World Library  
Flag as Inappropriate
Email this Article

Rustavi

Article Id: WHEBN0000934986
Reproduction Date:

Title: Rustavi  
Author: World Heritage Encyclopedia
Language: English
Subject: List of cities and towns in Georgia (country), Poti, Kutaisi, Batumi, Kura River
Collection: Cities and Towns in Kvemo Kartli, Rustavi, Self-Governing Cities in Georgia
Publisher: World Heritage Encyclopedia
Publication
Date:
 

Rustavi

Rustavi
რუსთავი
Skyline of Rustavi  რუსთავი
Flag of Rustavi  რუსთავი
Flag
Official seal of Rustavi  რუსთავი
Seal
Rustavi
რუსთავი
Location of Rustavi in Georgia
Coordinates:
Country  Georgia
Mkhare Kvemo Kartli
Population (2013)
 • Total 122 900
Time zone Georgian Time (UTC+4)
Website http://www.rustavi.ge

Rustavi (Rustavi Metallurgical Plant.

The history of Rustavi has two phases: an early history from ancient times until the city was destroyed in the 13th century, and modern history from the Soviet era to the present.

Contents

  • Early history 1
  • Modern history 2
  • Rustavi Race Circuit 3
  • International Relations 4
    • Twin towns - sister cities 4.1
  • See also 5
  • References 6
  • External links 7

Early history

Rustavi is one of the ancient towns of Georgia. The foundation of Rustavi is dated from time immemorial.

The historian Alexander the Great.

Though it is proved in history that Alexander the Great never invaded Georgia but Rustavi itself is mentioned among such ancient towns as Uplistsikhe, Urbnisi, Mtskheta and Sarkineti. This fact proves that Rustavi as a city had been founded in the 5th–4th centuries B.C, it was the period of unification of Georgia.

This is what Leonti Mroveli gives us in his work—“The lives of Kings”. The king Trdat, the 28th King of Kartli (of the end of the 4th century A.D) had built a church and a canal. The academician Nikoloz Berdzenishvili wrote that from that time on Rustavi was considered as a big political and administrative center.

During the reign of Vakhtang Gorgasali.

The churches of Kartli acted against the King Persia. That’s why the King of Kartli dismissed the main Bishop Michael and charged his man.

The Bishopric of Rustavi existed until the 13th century, before it was ruined by Mongols. Later the Bishopric was transferred to Martkopi, but the Bishop of Martkopi wore the ecclesiastic title of Rustaveli (Rustavi).

At the beginning of the 6th century, in 503, the Georgian troops resisted against the Persian King. In the battle the King Vakhtang Gorgasali was mortally wounded.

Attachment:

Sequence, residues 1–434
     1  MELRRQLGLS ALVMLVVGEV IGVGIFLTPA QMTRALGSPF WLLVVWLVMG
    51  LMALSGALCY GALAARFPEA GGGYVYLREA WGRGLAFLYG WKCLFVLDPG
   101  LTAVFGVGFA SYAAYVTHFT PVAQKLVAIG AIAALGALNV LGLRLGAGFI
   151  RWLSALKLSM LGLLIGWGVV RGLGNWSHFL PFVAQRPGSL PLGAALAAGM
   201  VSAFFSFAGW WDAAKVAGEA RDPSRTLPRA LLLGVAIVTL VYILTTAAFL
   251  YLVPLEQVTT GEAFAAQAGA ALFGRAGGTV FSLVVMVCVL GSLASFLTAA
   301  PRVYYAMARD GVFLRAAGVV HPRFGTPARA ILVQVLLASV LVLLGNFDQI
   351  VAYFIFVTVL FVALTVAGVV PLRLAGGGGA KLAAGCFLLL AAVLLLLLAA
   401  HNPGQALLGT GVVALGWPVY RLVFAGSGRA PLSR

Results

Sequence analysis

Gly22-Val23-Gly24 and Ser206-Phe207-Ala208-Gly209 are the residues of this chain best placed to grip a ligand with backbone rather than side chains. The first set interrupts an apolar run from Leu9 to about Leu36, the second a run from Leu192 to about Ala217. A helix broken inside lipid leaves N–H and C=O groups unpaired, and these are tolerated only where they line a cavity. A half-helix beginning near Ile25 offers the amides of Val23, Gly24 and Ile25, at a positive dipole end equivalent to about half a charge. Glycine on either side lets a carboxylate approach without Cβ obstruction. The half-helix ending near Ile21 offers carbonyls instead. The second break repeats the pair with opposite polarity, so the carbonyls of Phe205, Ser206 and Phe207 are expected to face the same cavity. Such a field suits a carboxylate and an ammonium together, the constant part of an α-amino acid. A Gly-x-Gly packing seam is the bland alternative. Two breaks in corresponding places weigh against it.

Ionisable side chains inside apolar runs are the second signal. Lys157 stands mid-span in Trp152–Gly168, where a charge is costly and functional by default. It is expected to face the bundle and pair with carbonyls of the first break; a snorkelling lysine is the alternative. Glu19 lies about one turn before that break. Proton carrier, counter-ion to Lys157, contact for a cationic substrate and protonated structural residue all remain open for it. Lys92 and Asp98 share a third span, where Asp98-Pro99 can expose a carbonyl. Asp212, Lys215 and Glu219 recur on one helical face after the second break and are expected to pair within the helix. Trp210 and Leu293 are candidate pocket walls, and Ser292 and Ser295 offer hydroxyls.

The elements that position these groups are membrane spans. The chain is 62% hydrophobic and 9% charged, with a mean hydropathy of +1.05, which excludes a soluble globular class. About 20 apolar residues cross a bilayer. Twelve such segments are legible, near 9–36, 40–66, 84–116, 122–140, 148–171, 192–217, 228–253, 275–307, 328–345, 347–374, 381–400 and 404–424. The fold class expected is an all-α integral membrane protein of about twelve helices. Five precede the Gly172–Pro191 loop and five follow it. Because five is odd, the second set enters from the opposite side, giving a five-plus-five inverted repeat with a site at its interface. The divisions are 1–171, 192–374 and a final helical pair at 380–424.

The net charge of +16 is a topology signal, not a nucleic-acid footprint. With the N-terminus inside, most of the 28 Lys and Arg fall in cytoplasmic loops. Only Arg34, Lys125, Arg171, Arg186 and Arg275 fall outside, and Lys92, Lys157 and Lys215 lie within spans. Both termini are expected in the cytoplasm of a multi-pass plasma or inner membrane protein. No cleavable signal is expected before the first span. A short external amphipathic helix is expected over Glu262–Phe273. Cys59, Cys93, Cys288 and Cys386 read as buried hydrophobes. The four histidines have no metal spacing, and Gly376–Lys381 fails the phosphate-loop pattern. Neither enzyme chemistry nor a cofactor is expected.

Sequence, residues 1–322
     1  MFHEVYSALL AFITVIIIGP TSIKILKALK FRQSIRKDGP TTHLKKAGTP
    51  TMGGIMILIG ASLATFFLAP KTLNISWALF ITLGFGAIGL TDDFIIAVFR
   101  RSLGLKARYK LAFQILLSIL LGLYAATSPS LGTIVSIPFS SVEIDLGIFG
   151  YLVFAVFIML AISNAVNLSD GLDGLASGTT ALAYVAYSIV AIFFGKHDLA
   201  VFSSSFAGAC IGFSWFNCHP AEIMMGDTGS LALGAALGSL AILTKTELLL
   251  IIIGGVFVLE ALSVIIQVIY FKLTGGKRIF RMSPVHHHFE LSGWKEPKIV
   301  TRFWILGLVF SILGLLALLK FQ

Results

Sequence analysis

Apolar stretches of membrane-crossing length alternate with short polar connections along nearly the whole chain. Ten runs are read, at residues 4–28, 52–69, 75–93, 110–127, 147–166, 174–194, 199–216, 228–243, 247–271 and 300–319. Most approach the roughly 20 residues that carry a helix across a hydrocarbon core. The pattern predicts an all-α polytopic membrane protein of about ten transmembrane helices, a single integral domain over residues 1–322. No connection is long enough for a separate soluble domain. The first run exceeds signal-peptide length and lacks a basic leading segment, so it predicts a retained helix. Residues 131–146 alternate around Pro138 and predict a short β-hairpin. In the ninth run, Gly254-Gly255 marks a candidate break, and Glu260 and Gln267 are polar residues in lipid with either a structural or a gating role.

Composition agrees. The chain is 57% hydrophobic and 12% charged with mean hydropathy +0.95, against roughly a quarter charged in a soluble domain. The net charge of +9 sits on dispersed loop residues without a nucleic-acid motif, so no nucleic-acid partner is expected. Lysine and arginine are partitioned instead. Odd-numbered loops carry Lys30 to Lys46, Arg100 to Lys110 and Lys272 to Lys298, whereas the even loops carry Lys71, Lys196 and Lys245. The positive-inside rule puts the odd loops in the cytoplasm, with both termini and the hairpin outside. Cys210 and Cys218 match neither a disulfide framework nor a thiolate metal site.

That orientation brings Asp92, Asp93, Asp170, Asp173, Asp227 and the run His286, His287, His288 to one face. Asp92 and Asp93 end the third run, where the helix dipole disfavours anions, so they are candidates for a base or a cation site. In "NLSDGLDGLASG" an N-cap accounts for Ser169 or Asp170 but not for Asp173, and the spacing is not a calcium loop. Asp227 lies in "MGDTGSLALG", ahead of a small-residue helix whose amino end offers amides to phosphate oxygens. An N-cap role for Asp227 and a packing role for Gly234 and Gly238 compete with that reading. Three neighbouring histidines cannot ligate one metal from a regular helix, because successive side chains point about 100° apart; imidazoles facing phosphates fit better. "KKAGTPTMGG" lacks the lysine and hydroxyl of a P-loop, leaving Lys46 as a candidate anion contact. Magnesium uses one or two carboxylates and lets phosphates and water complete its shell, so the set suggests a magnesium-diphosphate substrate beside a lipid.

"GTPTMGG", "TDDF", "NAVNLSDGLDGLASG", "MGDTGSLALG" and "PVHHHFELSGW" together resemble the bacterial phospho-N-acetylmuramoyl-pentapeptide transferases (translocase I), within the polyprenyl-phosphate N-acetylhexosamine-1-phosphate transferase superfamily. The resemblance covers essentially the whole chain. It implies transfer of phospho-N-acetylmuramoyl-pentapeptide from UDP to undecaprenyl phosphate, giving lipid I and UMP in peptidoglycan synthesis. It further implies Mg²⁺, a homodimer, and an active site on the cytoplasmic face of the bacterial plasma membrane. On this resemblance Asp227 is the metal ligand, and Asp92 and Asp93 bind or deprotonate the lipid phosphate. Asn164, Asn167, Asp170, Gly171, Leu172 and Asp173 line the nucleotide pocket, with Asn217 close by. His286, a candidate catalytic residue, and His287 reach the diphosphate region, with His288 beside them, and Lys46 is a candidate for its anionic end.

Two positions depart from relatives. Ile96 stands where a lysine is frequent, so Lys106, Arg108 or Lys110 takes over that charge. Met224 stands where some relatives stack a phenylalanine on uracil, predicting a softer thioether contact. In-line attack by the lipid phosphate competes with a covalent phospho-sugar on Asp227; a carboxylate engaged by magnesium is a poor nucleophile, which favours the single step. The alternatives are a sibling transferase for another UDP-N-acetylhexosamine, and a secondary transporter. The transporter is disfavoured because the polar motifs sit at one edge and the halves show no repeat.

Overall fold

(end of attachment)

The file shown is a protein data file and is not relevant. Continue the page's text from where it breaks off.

Georgian warriors remained without their commander and they had been defeated by the Persians. They destroyed the Kingdom of Kartli and the government was given to Mirzahan—the Shah's vizier.

Besides the manuscripts, the excavations of the castle Rustavi prove that Rustavi was a big political and administrative center. During the archaeological excavations the remnants of ancients buildings were found, there are the remnants of the buildings of the 4th and 5th centuries.

It is well known that in the 4th century Rustavi and Ujarma had been promoted in Kakheti.

Ujarma was the main residence of the king Vakhtang Gorgasali, its name comes from the Persian. “Ostan” or “Vostan” means the Kingdom, that’s why its ancient name was Bostan-Kalaki. If we take into consideration this explanation, we must believe that Rustavi was the residence of the Georgian kings.

Rustavi was still a very important place when it was invaded by Arabs. In the 8th century it belonged to Kakheti and it became one of the best administration centers.

The head of Kakheti-Hereti, Kvirike the Great sent one Eristavi (the head of a nation) out of three to Rustavi and gave him the whole Kakheti.

As Bagrat the IV and the enemy. But Bagrat the IV was bitterly defeated. The Turkish-Seljuks took Akhalkalaki. Later the king of Kakheti got into closer contact with the Turkish-Seljuks and they took the inner area of Kartli. Though as it was winter they left Georgia and as the enemy was leaving on the way home they took Tbilisi and Rustavi and gave them to Phadlon (Amira). This was the hardest period in the life of Rustavi. Its economy was ruined and it remained only as a military center. It had only a strategic meaning for Tbilisi.

In 1069 Bagrat the IV defeated Arnira Phadlon and joined the fortress Rustavi, Partskhisi and Agarani. On 24 November 1072, Bagrat the IV died and George the II came to the throne. He tried to fortificate Georgia, to join all its friends and enemies by sweet words and good behaviour, by presents and so on, rather than by sword. George the II gave the betrayer Ivane (Ohanes) Orbeliani Samshvilde, as for the King of Kakheti he was given Rustavi. The whole royal family was against the King George the II. They were not satisfied with him. So he was compelled to retire and in 1089 his 16-year-old son was called sanctified as a King. Later he was called David the Builder. Now the country developed again. It began to grow from Nikopsia to Darubandi.

In 1097 David the Builder stopped paying tribute to Turkish-Seljuks. In 1104 he joined Kakheti–Hereti. In 1105 he defeated the Amira of Ganja and the whole army of the enemy. Only Tbilisi, Rustavi, Samshvilde, Somkhiti and Agarani were in the hands of the enemy. In 1110 David took Samshvilde. In 1115 he took Rustavi. The enemy was excited as they lost Rustavi, as Rustavi and its surroundings were the pastures of their herds.

The famous

  • A blogpost about Rustavi

External links

  • Professional Motorsport World, April-June 2011
  1. ^
  2. ^ Nomads in the Sedentary World, p. 47, at Google Books